Arturia announced some big news at NAMM this week: In addition to unveiling its Roland Jupiter-8 emulation—Jupiter-8V (Mac/Win; $249)—the company pulled the curtain on its first hardware synth, the Origin ($2,999).
Powered by two TigerSHARC DSP processors, the Origin comes preloaded with synth modules from the Moog Modular and the Minimoog, the ARP 2600, the Yamaha CS-80, and the Prophet VS. You can mix and match the modules to create entirely new synths, and the unit's Multi mode allows as many as four synths to be played simultaneously. With more than 500 presets and a max of 32-note polyphony, the Origin employs Arturia's TAE engine and supports resolutions as high as 24-bit/96 kHz. The unit boasts two audio inputs and 10 audio outs, as well as a S/PDIF out and a USB 2.0 connection.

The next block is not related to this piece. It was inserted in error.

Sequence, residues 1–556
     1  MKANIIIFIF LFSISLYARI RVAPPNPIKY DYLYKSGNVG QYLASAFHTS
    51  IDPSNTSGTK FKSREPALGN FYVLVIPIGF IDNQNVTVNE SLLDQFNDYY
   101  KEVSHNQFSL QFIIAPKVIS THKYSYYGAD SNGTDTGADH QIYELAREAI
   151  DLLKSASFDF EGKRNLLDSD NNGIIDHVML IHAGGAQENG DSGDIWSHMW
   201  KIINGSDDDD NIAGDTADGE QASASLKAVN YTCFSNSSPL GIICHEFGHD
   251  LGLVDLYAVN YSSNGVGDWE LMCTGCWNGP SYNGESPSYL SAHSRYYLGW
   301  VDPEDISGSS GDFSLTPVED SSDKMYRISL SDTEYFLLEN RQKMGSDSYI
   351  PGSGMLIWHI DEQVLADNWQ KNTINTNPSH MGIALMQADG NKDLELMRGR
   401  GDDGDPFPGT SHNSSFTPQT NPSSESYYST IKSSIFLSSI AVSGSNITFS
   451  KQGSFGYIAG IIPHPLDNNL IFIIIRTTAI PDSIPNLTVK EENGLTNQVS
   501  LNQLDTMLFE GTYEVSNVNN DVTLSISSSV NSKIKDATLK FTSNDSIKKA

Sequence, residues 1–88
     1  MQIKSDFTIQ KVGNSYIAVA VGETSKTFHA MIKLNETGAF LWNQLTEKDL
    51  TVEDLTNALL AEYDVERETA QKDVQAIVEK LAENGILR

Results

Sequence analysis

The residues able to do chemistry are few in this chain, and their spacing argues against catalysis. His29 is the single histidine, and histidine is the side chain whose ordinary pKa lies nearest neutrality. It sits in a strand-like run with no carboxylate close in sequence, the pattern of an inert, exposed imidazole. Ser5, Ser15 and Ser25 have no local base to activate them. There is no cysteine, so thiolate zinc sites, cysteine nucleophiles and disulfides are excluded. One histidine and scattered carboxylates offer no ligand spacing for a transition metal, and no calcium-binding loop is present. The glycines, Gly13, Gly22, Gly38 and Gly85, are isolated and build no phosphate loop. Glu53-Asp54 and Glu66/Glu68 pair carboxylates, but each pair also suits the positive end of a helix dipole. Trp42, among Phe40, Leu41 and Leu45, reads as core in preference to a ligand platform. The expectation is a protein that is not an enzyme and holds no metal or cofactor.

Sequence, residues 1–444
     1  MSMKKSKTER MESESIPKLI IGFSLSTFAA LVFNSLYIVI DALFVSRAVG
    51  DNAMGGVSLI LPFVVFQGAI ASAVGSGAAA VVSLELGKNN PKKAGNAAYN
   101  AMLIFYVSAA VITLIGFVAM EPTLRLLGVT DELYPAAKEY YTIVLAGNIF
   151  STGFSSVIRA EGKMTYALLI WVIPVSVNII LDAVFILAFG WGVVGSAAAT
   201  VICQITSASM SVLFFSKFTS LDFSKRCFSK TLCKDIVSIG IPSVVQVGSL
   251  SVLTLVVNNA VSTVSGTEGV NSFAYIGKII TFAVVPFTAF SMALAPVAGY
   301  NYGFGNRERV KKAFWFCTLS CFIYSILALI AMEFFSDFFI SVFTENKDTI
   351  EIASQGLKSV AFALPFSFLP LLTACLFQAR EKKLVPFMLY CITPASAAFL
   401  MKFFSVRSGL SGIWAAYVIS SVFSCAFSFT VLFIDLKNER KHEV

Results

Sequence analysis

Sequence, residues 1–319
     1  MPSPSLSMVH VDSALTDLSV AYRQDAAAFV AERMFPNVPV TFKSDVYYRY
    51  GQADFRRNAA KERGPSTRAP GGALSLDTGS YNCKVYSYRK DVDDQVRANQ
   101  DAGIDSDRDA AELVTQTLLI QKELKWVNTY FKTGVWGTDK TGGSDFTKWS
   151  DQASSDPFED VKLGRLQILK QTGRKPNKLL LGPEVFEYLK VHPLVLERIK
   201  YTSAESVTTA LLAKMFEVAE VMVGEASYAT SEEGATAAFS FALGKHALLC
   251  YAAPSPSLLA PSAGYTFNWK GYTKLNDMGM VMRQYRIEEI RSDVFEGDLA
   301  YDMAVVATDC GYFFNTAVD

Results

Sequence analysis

In addition to its standalone hardware uses, the Origin also allows you to operate dedicated software as a VST or AU plug-in within your DAW. It's compatible with most presets from previous Arturia instruments, includes a 16- or 32-step sequencer, and ships with a variety of effects.
The Jupiter-8V ships with 400 presets, a max of 32-note polyphony, and a set of analog and digital effects available within the synthesis line and output bus. The instrument features a new graphical tool, Galaxy, that enables users to program two LFOs at once for advanced modulation. Also powered by the company's TAE engine, Jupiter-8V functions within VST, AU, and RTAS hosts, as well as standalone.
Jupiter-8V begins shipping in March 2007, and the Origin will be available in September 2007.